Coping with Disappointment

How do you cope with disappointment?

Disappointment is a common human experience. I would be surprised if you could honestly say you have never experienced it. Not unless you have never done anything, never tried anything new, never supported a football team, never loved anyone, never had any dreams or hopes. Disappointment is a normal response to failure, either your own or someone else's.

You can be disappointed in yourself.

You failed an exam, to get the job, reach work targets or achieve the desired promotion. You broke a promise. You let down your colleagues, friend or relative. You are disappointed in yourself. You know something of how Peter felt after denying he knew Jesus.

You can be disappointed in other people.

You may blame others for your disappointment. “They” did not do what you wanted. “They” did not do what they should have done or promised. “They” have failed. You are disappointed in them, reluctant to trust them again. You know something of how Jesus felt when his disciples misunderstood or deserted him.

You can be disappointed in God.

You may blame God. Being disappointed in God is much more common than many Christians are willing to admit. You prayed for someone you love to be healed but he/she dies. You pray for reconciliation with someone but the problem gets worse. You feel disappointed in God. You know just a little of how Jesus felt on the cross - abandoned and let down by God.

What is a Christian response to disappointment with ourselves, others or God?

How can we be encouraged in hope, even in disappointment and failure? Here are some 1st thoughts from the gospel story in John 21: 1 – 14:

  • It can help to name the disappointment to ourselves, to others (if involved) and to God. After fruitless all-night fishing the disciples admitted to Jesus they had no fish.
  • It can help to ask God, ‘what next?’ The disciples listened to Jesus and followed his instructions to try again, but differently.
  • It can help to take time to be refreshed. The disciples stopped work after hauling in the miraculous catch and let Jesus feed them with a barbecue breakfast and resurrection hope.

What if nothing seems to help?

Disappointment can be extremely hard to cope with. Even a minor disappointment can feel like a major catastrophe if it comes on top of a series of personal failures or experiences of being let down by others. It can be a small step from saying, "I am disappointed" to "I'm a disappointment" or from "I have failed in this task" to "I'm a failure" or from "God didn't answer my prayer" to "God doesn't love me". When we get stuck in this mode for any length of time we need others to help us. It may have become a feature of an illness like depression, in which case medical help may be needed.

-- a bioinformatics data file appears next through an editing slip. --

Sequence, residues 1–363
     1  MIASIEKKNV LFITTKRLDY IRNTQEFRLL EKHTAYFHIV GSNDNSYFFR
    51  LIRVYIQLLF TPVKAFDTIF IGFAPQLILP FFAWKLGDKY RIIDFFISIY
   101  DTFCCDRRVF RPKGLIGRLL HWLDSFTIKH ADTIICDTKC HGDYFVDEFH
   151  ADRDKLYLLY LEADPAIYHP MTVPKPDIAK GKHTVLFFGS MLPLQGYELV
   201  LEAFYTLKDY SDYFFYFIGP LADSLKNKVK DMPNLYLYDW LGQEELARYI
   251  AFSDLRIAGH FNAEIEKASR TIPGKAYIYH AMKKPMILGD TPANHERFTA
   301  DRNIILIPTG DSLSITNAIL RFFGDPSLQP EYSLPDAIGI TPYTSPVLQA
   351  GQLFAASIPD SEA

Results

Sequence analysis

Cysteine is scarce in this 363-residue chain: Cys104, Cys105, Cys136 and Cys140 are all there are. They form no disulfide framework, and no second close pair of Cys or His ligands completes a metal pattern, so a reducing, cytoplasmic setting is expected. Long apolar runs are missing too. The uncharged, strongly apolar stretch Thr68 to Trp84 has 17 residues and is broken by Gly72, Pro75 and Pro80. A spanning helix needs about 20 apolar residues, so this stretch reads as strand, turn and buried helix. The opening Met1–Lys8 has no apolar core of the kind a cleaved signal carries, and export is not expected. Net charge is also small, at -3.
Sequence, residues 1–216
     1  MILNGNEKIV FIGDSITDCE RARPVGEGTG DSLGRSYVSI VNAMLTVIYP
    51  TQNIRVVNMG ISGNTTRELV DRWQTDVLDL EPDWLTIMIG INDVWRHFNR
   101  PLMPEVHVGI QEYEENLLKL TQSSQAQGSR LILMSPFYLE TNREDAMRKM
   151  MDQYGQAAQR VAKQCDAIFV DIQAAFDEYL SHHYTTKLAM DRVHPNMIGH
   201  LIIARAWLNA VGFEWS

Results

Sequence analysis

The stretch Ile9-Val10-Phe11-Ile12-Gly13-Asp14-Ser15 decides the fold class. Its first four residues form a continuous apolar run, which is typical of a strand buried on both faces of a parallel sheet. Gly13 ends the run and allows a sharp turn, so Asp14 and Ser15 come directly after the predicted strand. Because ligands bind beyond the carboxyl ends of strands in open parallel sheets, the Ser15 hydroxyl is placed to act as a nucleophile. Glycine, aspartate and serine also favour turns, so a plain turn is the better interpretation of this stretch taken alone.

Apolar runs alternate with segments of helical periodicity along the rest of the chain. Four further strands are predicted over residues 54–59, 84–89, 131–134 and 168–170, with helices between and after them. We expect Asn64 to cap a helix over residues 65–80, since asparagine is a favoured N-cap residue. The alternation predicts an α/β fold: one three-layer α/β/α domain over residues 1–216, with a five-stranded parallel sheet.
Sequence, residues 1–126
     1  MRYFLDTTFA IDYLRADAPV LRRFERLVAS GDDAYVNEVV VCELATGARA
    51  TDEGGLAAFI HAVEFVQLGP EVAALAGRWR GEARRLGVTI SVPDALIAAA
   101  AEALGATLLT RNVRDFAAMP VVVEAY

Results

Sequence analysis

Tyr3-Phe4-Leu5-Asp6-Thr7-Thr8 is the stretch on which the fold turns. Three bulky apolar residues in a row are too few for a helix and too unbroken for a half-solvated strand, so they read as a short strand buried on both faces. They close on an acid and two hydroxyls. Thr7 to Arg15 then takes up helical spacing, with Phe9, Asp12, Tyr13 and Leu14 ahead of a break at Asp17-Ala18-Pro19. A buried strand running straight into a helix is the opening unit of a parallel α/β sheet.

If not stuck in depression then it may help to search our hearts deeply, examine
  • what were the desires or hopes that have been disappointed?
  • whether those dreams and hopes might have been misplaced?
  • did I hope for the wrong thing? (See Standing outside the door.)
  • where is hope best placed? (See Looking for hope.)
  • in what or whom do you trust? (See Psalm 31: 1 -5)

Over to you.

What has helped you to cope with disappointment?
What has not helped?


  1. I suspect that the greatest disappointment of my whole life was being given a NOT at BAP. I'm sure that I'm in this boat with many others. The issue is what do you do when the whole reason for your being at that moment is swept away by one word (with lots of supporting reasons), but that word entered my vocabulary in a hurtful, harmful way at the time, and I suspect that I'm still getting over it's aftermath, 18 months later.

    The Church certainly wasn't any real help in getting over with it or even dealing with it. In fact, apart from a few, the church seems determined to keep the wound open by not allowing any discernment or training or preparation for the alternatives, which the BAP report pointed me towards.

    Now, I've decided to go in a different direction, in a different place, with a new diocese. Perhaps this renewal of vocation and purpose will assuage the hurt.

    So, no fancy answers from me. Just plain perseverance and a determination not to allow one incident to turn me away from church completely.

    1. Thanks for your comment 'UKViewer'. A 'Bishops Advisory Panel (BAP) outcome of 'not recommendated' for ordination training is a tough message to receive. As you indicate it hits you at the core of who you are and that hurts. Even if you understand and accept rationally the reasons that were given, the emotional disappointment is another matter altogether and the spiritual confusion can't be underestimated. The experience is more significant I think than merely "one incident". Most people in your position need a great deal of support and it's sad when the church does not provide that, especially if you live in an area where training and preparation for alternative 'ministries' are lacking. You seem to have honesty and determination to persevere in whatever shape your Christian calling is taking. As someone once said to me, "keep looking up" - if that makes sense..


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